A bill to amend the Federal Deposit Insurance Act to require States in which the failure of State savings associations has involved a disproportionately large share of the thrift resolution costs, including costs incurred by the Resolution Trust Corporation, to pay a State thrift deposit insurance premium as a condition of future Federal deposit insurance.
The bill’s titles are written by its sponsor.
Sponsor and status
Apr 25, 1991
102nd Congress, 1991–1992
Died in a previous Congress
This bill was introduced on April 25, 1991, in a previous session of Congress, but was not enacted.
Senator for Maine
What stakeholders are saying
Apr 25, 1991
Bills and resolutions are referred to committees which debate the bill before possibly sending it on to the whole chamber.
S. 955 (102nd) was a bill in the United States Congress.
A bill must be passed by both the House and Senate in identical form and then be signed by the President to become law.
This bill was introduced in the 102nd Congress, which met from Jan 3, 1991 to Oct 9, 1992. Legislation not enacted by the end of a Congress is cleared from the books.
How to cite this information.
We recommend the following MLA-formatted citation when using the information you see here in academic work:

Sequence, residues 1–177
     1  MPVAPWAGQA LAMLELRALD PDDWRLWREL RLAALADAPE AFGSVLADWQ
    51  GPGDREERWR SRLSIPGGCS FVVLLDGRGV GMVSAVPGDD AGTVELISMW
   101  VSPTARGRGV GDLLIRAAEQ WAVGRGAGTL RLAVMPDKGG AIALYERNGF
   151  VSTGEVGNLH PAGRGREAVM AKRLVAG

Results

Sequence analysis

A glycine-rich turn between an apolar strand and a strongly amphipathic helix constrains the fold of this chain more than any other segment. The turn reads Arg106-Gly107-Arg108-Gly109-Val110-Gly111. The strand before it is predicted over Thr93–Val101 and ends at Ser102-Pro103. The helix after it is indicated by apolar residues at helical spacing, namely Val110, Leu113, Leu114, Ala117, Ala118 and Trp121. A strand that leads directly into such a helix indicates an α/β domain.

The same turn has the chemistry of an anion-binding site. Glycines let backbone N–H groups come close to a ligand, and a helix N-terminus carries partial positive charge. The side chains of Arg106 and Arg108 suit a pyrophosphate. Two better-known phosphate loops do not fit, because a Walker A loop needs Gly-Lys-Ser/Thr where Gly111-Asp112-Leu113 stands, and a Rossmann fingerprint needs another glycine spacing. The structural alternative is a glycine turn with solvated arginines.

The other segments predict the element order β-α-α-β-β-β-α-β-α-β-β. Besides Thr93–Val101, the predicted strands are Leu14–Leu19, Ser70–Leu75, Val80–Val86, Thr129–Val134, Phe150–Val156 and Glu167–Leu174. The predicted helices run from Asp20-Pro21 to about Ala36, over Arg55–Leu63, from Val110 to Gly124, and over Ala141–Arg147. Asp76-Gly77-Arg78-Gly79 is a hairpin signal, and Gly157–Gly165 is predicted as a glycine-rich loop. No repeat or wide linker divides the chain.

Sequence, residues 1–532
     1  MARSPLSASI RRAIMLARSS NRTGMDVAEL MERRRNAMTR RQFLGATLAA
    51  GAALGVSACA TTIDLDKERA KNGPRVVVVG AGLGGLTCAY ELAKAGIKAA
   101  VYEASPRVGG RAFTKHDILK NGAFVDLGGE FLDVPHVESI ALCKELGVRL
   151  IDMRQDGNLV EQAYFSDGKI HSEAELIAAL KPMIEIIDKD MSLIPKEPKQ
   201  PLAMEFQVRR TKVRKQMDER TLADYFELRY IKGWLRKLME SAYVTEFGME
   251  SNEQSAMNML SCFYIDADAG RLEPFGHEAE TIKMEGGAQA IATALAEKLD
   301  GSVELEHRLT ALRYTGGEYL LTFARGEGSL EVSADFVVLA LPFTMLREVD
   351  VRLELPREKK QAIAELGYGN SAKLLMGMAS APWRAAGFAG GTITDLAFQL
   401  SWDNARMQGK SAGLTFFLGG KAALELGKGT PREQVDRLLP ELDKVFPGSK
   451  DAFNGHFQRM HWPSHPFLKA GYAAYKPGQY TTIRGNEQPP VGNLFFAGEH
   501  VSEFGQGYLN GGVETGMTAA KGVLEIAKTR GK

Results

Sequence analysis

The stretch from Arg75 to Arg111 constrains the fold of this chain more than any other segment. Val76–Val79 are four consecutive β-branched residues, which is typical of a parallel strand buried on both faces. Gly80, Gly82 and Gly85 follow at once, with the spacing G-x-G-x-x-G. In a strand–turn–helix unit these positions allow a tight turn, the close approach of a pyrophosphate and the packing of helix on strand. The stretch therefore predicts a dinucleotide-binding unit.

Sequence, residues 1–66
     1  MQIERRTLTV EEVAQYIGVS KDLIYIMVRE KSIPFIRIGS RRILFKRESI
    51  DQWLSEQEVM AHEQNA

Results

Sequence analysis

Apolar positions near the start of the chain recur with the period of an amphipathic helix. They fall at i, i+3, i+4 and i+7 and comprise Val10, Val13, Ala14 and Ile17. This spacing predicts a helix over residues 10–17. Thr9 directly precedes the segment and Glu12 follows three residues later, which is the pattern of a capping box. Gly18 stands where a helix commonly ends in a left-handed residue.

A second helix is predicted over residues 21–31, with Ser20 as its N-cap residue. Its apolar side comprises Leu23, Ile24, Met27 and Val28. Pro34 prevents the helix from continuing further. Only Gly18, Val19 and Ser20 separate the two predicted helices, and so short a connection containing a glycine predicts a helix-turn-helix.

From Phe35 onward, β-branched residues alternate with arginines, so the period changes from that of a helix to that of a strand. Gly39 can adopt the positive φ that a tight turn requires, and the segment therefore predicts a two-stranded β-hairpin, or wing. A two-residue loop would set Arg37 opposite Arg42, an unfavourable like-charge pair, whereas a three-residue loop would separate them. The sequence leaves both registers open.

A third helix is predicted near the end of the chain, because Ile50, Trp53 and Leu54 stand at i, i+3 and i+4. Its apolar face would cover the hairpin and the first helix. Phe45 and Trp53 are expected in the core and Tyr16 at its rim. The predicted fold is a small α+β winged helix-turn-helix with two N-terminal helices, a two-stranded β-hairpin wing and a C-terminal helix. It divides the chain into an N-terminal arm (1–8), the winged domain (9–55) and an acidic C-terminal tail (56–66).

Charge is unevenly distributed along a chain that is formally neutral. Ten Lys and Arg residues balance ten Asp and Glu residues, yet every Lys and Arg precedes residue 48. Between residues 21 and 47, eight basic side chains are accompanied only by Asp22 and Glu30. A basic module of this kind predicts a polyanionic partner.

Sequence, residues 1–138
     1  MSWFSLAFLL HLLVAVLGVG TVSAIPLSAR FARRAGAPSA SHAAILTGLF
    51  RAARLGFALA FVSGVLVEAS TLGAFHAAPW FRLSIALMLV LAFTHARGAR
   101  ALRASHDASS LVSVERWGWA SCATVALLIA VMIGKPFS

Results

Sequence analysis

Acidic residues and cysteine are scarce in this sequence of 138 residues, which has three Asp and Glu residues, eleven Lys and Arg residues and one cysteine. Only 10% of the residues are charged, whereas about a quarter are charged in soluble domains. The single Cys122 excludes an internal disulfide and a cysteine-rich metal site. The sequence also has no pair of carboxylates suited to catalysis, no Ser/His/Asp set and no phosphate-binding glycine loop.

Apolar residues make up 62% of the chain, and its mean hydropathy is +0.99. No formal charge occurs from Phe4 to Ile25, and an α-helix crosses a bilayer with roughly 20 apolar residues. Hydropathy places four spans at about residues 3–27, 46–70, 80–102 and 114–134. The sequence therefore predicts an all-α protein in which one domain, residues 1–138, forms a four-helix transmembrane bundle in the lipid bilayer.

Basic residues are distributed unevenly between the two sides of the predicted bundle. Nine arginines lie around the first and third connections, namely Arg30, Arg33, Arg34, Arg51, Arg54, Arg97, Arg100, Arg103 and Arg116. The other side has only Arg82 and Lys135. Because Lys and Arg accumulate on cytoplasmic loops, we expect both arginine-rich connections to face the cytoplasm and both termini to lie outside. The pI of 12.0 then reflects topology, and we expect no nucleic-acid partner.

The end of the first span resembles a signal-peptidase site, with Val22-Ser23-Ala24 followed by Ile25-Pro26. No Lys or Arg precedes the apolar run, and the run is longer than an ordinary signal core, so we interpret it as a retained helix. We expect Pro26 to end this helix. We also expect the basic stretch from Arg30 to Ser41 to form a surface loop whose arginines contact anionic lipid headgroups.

Civic Impulse. (2018). S. 955 — 102nd Congress: State Thrift Deposit Insurance Premium Act of 1991. Retrieved from https://www.govtrack.us/congress/bills/102/s955
“S. 955 — 102nd Congress: State Thrift Deposit Insurance Premium Act of 1991.” www.GovTrack.us. 1991. February 23, 2018 <https://www.govtrack.us/congress/bills/102/s955>
|title=S. 955 (102nd)
|accessdate=February 23, 2018
|author=102nd Congress (1991)
|date=April 25, 1991
|quote=State Thrift Deposit Insurance Premium Act of 1991
Where is this information from?
GovTrack automatically collects legislative information from a variety of governmental and non-governmental sources. This page is sourced primarily from Congress.gov, the official portal of the United States Congress. Congress.gov is generally updated one day after events occur, and so legislative activity shown here may be one day behind. Data via the congress project.